While we still do not know Przemek Karnowski’s off-season intentions (he probably has more to gain by staying after missing the year due to back injury but you never know), there will be an influx of talent this off-season that will lessen the loss of Sabonis. Center Ryan Edwards, though limited offensively, is a big body that will thrive with more minutes. And furthermore, the Zags will also add Missouri transfer Johnathan Williams, a stretch 4 type who could play small or power forward who has already been practicing with the team (along with Washington transfer Nigel Williams-Goss who could compete with Josh Perkins for the starting point guard spot). But the incoming freshman class will include McDonald’s All-American Zach Collins, a 6-11 center from Bishop Gorman in Las Vegas that is the 37th ranked player according to ESPN, and European prospects Killian Tillie, a 6-8 forward from France and Jacob Larsen, a 6-10 F/C from Denmark. Considering the Zags’ success with European prospects, it would not be surprising if Tillie and/or Larsen are better than their initial recruiting rankings.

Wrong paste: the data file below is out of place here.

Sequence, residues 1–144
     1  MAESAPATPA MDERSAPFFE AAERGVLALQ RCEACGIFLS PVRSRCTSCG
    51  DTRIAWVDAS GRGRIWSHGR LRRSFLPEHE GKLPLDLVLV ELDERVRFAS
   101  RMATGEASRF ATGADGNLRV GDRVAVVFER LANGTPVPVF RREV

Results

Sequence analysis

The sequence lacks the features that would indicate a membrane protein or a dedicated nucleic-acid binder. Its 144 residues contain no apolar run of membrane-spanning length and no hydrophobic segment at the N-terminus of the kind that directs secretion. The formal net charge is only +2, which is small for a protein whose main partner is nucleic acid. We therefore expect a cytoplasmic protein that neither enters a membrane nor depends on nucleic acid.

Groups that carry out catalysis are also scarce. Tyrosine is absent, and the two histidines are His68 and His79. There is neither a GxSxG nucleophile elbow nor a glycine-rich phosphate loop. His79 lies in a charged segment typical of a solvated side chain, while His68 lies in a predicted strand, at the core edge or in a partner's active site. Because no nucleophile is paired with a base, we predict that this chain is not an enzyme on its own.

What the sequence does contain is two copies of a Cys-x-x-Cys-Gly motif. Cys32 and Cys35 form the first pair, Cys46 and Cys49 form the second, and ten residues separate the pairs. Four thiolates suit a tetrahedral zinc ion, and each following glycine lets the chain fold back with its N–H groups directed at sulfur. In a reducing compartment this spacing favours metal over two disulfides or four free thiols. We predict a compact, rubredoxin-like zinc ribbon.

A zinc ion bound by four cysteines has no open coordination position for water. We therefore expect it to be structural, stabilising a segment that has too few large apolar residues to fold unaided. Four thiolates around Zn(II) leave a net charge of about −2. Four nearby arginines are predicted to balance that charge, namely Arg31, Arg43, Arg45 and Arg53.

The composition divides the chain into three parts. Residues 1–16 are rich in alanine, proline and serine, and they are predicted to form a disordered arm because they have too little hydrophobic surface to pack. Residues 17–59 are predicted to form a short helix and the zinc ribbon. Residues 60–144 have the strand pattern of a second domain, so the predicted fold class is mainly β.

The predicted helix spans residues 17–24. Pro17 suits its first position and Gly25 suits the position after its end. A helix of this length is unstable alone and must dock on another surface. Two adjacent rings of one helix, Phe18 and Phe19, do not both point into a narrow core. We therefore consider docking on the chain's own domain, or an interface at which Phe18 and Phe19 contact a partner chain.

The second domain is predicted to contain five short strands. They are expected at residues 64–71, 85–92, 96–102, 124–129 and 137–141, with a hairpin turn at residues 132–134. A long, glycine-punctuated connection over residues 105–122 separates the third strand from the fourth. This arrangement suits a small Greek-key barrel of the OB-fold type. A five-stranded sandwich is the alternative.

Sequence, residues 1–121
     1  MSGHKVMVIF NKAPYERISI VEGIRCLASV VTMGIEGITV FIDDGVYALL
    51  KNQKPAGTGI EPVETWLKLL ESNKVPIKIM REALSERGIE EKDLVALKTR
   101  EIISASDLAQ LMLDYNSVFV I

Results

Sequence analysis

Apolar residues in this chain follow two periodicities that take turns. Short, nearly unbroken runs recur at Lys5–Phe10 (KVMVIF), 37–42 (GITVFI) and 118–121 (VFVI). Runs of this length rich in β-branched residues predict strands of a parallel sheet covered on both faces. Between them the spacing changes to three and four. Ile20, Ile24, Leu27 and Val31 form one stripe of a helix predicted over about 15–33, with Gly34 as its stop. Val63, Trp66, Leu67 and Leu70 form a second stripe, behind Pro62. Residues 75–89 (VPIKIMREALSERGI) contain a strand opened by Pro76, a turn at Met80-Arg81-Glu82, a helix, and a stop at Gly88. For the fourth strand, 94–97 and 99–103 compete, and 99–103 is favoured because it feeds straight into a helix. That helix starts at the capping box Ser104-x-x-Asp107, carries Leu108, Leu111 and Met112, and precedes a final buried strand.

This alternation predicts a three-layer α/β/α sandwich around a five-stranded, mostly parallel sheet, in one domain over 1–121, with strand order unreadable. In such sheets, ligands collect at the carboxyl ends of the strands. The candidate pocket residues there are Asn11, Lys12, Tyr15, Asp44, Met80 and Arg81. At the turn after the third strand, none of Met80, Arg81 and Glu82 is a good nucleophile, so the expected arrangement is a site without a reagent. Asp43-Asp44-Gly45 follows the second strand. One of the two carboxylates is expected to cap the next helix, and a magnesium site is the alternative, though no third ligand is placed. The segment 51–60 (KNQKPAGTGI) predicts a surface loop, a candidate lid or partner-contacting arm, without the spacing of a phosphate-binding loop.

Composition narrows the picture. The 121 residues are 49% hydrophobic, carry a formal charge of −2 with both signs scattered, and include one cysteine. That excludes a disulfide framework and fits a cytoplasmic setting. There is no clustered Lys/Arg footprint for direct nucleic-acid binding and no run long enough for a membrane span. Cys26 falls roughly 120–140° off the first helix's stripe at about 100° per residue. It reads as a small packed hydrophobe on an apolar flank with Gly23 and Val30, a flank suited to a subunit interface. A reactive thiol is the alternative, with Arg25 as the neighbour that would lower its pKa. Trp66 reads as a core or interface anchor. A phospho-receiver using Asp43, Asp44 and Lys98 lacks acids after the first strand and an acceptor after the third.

Add all that with Karnowski probably back and somebody’s feelings will get hurt on the bench and that could mean a potential transfer at the end of next season. As solid as Mark Few is, he definitely has his issues spreading minutes out, and that has definitely had an impact when it comes to players leaving the program (though for the most part, this hasn’t hurt the Zags with the exception of Ryan Spangler, who to be fair transferred more to be closer to home than any beef he had with Gonzaga). Yes, there is considerable risk going with more unproven commodities to fill in Sabonis’ spot, but if Karnowski is back it should soften the blow and allow the young guys to grow. Even if Karnwoski is back, the experience returning at guard in Perkins and Melson will also help the post players as they grow accustomed to the college game (though if Karnowski is not back, expect some early losses in the non-conference slate).